Title: International Relations
Fandom: Hetalia Axis Powers
Genre: Romance/Friendship
Pairings: Prussia/Austria, Russia/Canada, US/UK, France/UK, Germany/N. Italy, Spain/S. Italy
Rating: T
Disclaimer: I don't own Hetalia. If I did, Francis would actually have a French name.

Summary: Companion piece to "Crimson Skies", focusing on the other nations and their relationships. Starts in Waghington, when Arthur and Francis arrive to clean up after their misbehaving children once more and then loosely follows the storyline of "Crimson Skies".

Arthur was by no means as superstitious as the other nations claimed he was (after all, magic was real, never mind the opinion of those who were too blind to see it). He knew a bad omen when he saw it, though, and Ludwig waiting for him in the hospital's lobby and wearing an expression as if he was about to confess to the second rise of Adolf Hitler was definitely a bad, bad sign.

"Ludwig." Francis rushed past him and towards the German, stopping abruptly right in front of him and briefly taking both his hands, squeezing them. An awkward gesture, since Francis was a very tactile person, while Ludwig was reserved and uncomfortable with physical contact. "How are they?"

It was the very question that was burning on Arthur's lips, too.

"Worse than they should be," Ludwig replied. "I still don't know or understand what really happened, but it is just… wrong. We don't do such things to each other. Not anymore. And they are brothers and allies." He drew a deep breath, apparently staling himself to their reaction to his next statement. "Ivan is with Matthew."

Arthur gasped, a startled yelp escaping him, and he rapidly moved closer. "Are you insane?!" He hissed.

"Arthur, there is no power in the world that could have stopped Ivan from entering that room," Ludwig said in a resigned tone of voice. "I had the choice between letting him see Matthew and watching him kill Alfred and I thought you might prefer the former."

"I know I do," Francis murmured. "What's he doing, Ludwig?"

"I'm not entirely sure, since he more or less kicked me out, but Ivan usually keeps his word, so my educated guess would be that he's trying to heal Matthew."

Arthur exhaled sharply and he caught a soft hiss from Francis, too.

"I'm not sure I like the sound of that," Francis said.

"Well, what would you have me do?" Ludwig asked, sounding somewhat exasperated. "I had two severely injured nations on my hands and it would have been irresponsible to leave them in that state. I had to think of their populations, too. Ivan was more than willing to take one of them off my hands, and if you had seen his face when he stepped into that room and saw Matthew, you would not doubt him. He doesn't intend to hurt Matthew; he was earnestly upset and worried about him. I wouldn't advise coming anywhere near him at this point, though, because he is also livid with rage. He obviously blames Alfred."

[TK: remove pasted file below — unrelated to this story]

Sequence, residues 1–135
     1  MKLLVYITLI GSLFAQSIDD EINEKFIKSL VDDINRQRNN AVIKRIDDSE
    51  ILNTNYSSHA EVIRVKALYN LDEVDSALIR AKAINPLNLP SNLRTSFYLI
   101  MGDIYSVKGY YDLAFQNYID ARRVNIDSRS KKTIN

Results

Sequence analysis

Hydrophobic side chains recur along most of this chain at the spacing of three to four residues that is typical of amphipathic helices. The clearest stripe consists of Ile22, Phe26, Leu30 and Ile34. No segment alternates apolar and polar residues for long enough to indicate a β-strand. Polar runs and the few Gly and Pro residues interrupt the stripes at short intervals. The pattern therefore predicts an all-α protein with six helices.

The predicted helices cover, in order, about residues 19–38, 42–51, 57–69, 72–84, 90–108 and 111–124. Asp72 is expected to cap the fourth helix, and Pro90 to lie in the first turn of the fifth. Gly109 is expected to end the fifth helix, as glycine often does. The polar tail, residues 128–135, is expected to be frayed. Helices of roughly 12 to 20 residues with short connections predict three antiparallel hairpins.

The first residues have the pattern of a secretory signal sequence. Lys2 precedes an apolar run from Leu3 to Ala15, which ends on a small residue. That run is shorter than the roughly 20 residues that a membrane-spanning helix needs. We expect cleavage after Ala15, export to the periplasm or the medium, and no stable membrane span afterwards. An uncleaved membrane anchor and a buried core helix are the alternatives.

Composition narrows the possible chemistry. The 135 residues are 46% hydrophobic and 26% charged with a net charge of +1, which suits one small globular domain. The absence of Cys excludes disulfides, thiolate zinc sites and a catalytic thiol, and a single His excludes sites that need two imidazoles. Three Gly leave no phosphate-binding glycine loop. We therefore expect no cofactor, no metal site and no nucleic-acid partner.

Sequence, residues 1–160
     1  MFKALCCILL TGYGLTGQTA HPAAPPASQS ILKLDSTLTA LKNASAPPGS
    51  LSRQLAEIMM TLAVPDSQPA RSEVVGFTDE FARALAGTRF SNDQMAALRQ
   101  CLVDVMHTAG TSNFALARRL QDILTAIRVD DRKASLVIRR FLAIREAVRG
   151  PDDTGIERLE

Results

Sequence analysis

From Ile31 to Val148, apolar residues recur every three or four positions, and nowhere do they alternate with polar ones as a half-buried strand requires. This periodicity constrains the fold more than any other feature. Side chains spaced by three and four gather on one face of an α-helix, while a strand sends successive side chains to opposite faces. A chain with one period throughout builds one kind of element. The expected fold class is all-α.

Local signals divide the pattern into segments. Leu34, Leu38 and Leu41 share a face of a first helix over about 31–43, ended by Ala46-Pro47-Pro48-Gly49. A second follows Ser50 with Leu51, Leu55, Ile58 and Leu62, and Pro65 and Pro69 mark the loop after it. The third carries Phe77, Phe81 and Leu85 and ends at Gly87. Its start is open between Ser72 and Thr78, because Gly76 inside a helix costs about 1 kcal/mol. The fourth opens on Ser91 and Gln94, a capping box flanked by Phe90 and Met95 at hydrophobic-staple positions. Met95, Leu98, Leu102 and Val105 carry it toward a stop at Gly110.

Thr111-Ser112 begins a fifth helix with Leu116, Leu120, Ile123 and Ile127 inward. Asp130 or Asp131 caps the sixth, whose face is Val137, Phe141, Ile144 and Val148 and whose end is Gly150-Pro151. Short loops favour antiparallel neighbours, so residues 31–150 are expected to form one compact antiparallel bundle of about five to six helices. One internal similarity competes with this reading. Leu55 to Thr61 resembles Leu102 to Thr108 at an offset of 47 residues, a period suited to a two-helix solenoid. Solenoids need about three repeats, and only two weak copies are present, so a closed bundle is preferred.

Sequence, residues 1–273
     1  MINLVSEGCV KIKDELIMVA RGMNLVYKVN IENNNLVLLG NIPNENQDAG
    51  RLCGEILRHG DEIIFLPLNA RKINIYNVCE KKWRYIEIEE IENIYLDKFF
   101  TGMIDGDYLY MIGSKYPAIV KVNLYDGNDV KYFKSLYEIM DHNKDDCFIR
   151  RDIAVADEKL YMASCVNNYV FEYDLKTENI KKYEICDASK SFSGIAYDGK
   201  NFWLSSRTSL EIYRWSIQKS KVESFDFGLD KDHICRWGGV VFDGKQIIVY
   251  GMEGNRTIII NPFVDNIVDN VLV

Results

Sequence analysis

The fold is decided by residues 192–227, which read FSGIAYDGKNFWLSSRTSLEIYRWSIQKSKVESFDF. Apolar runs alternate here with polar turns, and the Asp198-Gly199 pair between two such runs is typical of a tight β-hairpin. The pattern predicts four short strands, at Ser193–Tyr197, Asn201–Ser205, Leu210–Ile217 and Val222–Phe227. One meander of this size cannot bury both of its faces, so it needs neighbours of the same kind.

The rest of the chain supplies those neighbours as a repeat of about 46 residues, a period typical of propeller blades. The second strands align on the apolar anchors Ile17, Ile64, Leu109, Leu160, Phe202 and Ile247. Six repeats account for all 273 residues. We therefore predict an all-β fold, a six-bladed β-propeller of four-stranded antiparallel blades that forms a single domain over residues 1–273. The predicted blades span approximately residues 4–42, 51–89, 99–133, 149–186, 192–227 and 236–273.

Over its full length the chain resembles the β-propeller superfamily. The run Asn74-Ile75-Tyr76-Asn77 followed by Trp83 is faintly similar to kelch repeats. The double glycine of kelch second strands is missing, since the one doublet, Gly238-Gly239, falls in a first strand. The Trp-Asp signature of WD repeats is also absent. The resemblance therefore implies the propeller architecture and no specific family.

"Justly?" Francis asked, raising his brows.

Ludwig shrugged. "I suppose that depends on your point of perspective. Matthew almost certainly initiated the fight, but knowing him, he would have had to be sufficiently provoked to take such drastic actions. I suggest we ask Alfred about that, once he is better. I'm sure there is an interesting story behind all this."

Oh God, Alfred…! Arthur thought, what did you do now…?

"I want to see him," he said.

"Both of them," Francis corrected him, sending him a look laced with disapproval. Arthur shrugged it off impatiently.

"As I said – I do not think that disturbing Ivan right now is a very good idea. Let him do his work, and once he has calmed down sufficiently to be safe to approach, we can deal with him," Ludwig said. "Alfred's room is down the hall. I'll show you."

Arthur followed him rather apprehensively. He dreaded the sight of a severely injured Alfred confined to a hospital bed. Francis, despite his obvious misgivings regarding Arthur's more intimate relationship with Alfred, seemed to sense his uneasiness and put a comforting hand on his arm. Though never entirely comfortable with close bodily contact with his former lover, Arthur appreciated the gesture.

Ludwig pushed an impersonal white door open and stepped into the room in front of them. The room was rather large, sparsely furnished and currently occupied by two people. One was a slender nurse, neatly dressed in pale blue hospital garb, sitting next to the bed. The second was none other than the human impersonation of the United States of America, looking pale, still and decidedly too sick.

"Alfred," Arthur muttered, shaken by the sight. He hesitated, then gave in to the urge to rush to Alfred's side.

"How is he?" Ludwig asked the nurse.

"Stable," she replied with what was likely intended to be a comforting smile. It did not comfort Arthur.